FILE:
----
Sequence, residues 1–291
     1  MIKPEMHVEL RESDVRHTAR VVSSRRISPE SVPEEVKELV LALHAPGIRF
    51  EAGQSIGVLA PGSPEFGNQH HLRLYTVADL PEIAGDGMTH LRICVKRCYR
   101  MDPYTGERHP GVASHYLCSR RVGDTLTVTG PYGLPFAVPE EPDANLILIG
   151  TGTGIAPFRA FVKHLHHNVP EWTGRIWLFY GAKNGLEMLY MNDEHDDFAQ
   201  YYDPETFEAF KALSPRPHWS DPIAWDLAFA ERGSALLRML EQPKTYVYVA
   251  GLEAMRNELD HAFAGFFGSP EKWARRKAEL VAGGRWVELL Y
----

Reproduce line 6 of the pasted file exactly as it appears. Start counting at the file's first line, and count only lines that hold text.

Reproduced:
   201  YYDPETFEAF KALSPRPHWS DPIAWDLAFA ERGSALLRML EQPKTYVYVA